Rejecting consultation with allies who have their own ideas, Washington emphasizes acceptance of its hardline stance on Iran nukes.
On March 17 Washington issued what must sound to Turkey like a thinly veiled threat that it will be spanked if it does not behave. Assistant Secretary of State Philip Gordon warned that:
Many would be disappointed if Turkey is an exception to an international consensus on dealing with Iran
According to Gordon, Turkey's road to "responsibility" is to join the pack:
Turkey wants to be an important, responsible actor on the international scene. And I think joining the majority of the Security Council in doing this would reinforce that image.
For a Turkey being carefully led by Erdogan's moderate Islamic party out of the darkness of military dictatorship, abuse of its Kurdish minority, and subservience to American Cold War goals toward leadership of the emerging moderate camp advocating a compromise solution to Mideast conflict, these words must be both humiliating and disappointing. Beyond that, they confirm an unwillingness in Washington to countenance any "lip" from its allies.
The world, Mr. Erdogan, is hierarchical, and Washington is on top until toppled. Your skill, your intelligence, your creativity are not wanted. It is your misfortune that you do not understand Washington culture. This has nothing in particular to do with you or Turkey or Islam. It is simply the way Washington works - the bureaucracy, the politicians, the whole system. If Washington has to choose between failure on its own terms and accepting advice from subordinates, it will choose failure.
If you want to resolve Mideast conflict, go for it...over Washington's dead body. The core issue is not peace but where the decisions are made. The bottom line is that decisions are made in Washington (especially the decision to be indecisive and let the Israeli right push it around).
If Iran accepts the substance of the Western demand for an exchange of uranium but simply wants it done in Iran so as to avoid Iran being cheated, that completely misses the point, which is not the silly uranium but control of the decision-making process. The core issue is to demonstrate that Washington makes the decision; whether or not X pounds of uranium for electricity is exchanged for Y pounds of uranium for medical research is a technical detail of little concern to global strategists. Whether the initiative stays firmly in the hands of the superpower or becomes shared with a mere "emerging regional power," on the other hand, is critical to global strategy.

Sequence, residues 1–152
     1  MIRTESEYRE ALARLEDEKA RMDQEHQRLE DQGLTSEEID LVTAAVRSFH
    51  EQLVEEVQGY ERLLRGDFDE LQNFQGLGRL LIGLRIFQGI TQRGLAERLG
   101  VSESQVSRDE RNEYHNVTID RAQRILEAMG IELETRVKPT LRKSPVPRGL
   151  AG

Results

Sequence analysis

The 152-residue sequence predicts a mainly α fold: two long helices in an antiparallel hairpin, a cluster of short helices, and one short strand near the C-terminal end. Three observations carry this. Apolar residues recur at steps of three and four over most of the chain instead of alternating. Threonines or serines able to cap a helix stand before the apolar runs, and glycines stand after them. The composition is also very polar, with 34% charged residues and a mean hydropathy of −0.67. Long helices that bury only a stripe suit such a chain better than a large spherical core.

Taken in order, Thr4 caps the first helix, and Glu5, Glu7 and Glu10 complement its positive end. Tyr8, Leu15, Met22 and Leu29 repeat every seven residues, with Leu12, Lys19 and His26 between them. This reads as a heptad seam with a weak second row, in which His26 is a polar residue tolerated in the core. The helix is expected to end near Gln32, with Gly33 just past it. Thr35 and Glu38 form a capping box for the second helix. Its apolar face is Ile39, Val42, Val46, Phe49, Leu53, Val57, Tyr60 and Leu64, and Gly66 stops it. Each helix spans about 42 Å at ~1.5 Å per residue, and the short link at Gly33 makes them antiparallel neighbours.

Similarly, Mr. Erdogan, your guidance on ways to moderate the U.S.-Iran conflict are at best mere technical issues, at worst irritating interference that blurs the superpower message of top-down control. Gordon put it very clearly: if you want to be accepted as "responsible," you must be what to Washington insiders is called a "team-player." Do not be confused by this pseudo-sports analogy. In Washington-speak, it absolutely does not mean "hit a home run" or "score a touchdown." Quite the contrary. It means, "Kneel down." Suppose you solved the U.S.-Iranian conflict with some sort of a win-win solution that left Ahmadinejad without nuclear weapons but with his status intact, with Iran accepted as an influential Mideast player, with the Israeli princess forced to share the stage with a new and alluring beauty, the whole superpower regional game plan would be overturned! The downstream implications for global governance would be incalculable. Remember carefully that Washington was long close to Saddam Hussein...until he started talking back.